In Between Now And Then is the new album, so tell me more about where this album title originated ”As this is our first major-label release, we kind of wanted to get the point across that while we were branching off into a new direction that was unfamiliar, uncharted waters, that we were gonna still stick to our roots that we know where we’ve come from.”
How does the songwriting process go for O.A.R.? ”Songwriting comes about in a couple of different ways for us. Marc writes all of the lyrics and as far as the music it then comes to the rest of us and we all throw in our own parts. Or the music comes together in a big huge collaboration of the whole band. It’s very relaxed and I think you can also hear that in the music.”
Tell me more about where your song, ’That Was A Crazy Game of Poker’ came from! ”We kinda wrote it when we were over in Israel. The first half of the song was just like the country-rock part of the song, which we had definitely rehearsed. The second half of the song is like a more tranquil, funnier, way for life to slow down enough for you to take control a little bit more, and is our interpretation of reggae," he laughs. "But that second half was basically improved in the studio,” he laughs again. ”It’s really funny, because that’s what we stuck on CD and that’s what you hear today.”
1) Fav. song of O.A.R.s to play live? ”My favorite song to play live has always been ‘About Mr. Brown.’ It’s a song that we dedicated to one of our closest friends who passed away a couple of years ago and we remember him every time we play the song.”
2) Any fav. new tracks? ”We have a new song called ‘Dareh Meyod’ and it’s a song that we like to think is kinda groundbreaking for us,” he laughs. ”In the way that it came about. It’s just a different sounding song for us. I get so excited every time I see that we’re gonna be playing that.”
3) Tell me more about the song ‘James’ from the new album ”This is the first time that our saxaphone player Jerry [DePizzo] wrote the music for us. He brought the music to us while we were working on pre-production for the new album in the studio and wanted us to hear it. We loved it and so we tried to record it without the lyrics but it wasn’t working. So, we burnt Marc a copy of the song [Marc having previously asked Jerry what his own interpretation of the song was] and he took the song in his car, drove around for ten minutes and said ‘See if you guys like this’! And he basically nailed it with this one. It’s a beautiful song.”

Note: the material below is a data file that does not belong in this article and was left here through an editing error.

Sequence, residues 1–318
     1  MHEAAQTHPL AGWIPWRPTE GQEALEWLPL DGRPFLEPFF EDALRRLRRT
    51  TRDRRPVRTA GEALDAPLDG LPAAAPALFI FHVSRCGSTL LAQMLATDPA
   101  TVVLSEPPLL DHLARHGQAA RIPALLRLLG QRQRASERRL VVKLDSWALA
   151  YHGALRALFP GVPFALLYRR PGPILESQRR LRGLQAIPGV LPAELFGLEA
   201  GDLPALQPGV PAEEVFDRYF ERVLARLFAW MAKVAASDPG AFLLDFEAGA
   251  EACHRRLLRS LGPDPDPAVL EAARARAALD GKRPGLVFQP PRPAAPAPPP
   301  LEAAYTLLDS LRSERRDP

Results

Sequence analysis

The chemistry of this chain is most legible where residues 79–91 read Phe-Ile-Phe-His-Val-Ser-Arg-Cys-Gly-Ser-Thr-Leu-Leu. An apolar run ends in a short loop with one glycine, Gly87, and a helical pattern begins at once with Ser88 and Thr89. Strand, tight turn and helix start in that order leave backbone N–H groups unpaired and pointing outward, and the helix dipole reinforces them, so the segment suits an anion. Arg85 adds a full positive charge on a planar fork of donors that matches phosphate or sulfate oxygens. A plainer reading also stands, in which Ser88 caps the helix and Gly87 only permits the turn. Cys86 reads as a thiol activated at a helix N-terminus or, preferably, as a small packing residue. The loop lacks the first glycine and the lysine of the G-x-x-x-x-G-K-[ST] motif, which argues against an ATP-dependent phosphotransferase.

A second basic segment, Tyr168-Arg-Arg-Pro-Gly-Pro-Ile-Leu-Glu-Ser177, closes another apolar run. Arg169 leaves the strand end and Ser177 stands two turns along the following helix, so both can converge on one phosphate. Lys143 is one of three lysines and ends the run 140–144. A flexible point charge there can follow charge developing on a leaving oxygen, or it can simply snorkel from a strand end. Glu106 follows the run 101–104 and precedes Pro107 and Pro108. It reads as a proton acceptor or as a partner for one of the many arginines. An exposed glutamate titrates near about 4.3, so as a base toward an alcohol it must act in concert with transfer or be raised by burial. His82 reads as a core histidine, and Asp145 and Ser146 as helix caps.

4) Fav. 80’s hair band that you ‘rocked out’ to as a kid?! ”Man, you don’t understand,” he laughs. ”Just one?! I grew up on that stuff. I had every tape from like Poison, Cinderella, Ratt, Dokken and Motley Crew. I’m from a nice little suburb in Maryland and I’m wearing a Metallica ‘Ride The Lightening’ back patch on my jean jacket! But, I didn’t act like a bad ass though! I was like the straight-A kid with the Metallica jean jacket,” he laughs again.
Was there one band you loved more than any other at that time though? ’Oh yeah, Motley Crue!”
5) If you could meet anybody, dead or alive and ask them a question, who would it be and what would you ask them? ”My idol is John Bonham and I would just want to pick his brain and ask how he taught himself how to play like that. When he grew up learning to play the drums he taught himself how to play. They didn’t have instructors and teachers like they do now and for rock drumming, he was teaching himself as he went. I’d just like to know where the hell did that come from?!”
So, you believe in the tape-swapping that goes on at your shows, at your shows? ”Absolutely. 100%. That’s the reason why we’re where we are today, because of the kids who pass round the tapes, the CDs and even through file sharing and things like that. We wouldn’t be where we are today if it wasn’t for that.”
Any words of wisdom passed down to you through the years? ”My father told us, a long time ago, before we’d even left High School, ‘Don’t expect anything, but be ready for anything.’ So, we’ve always lived by that.”
Finally, describe the band’s music in five words ”Island Vibe Roots Rock ‘n’ Roll,” he laughs.
Interviewed by Russell A. Trunk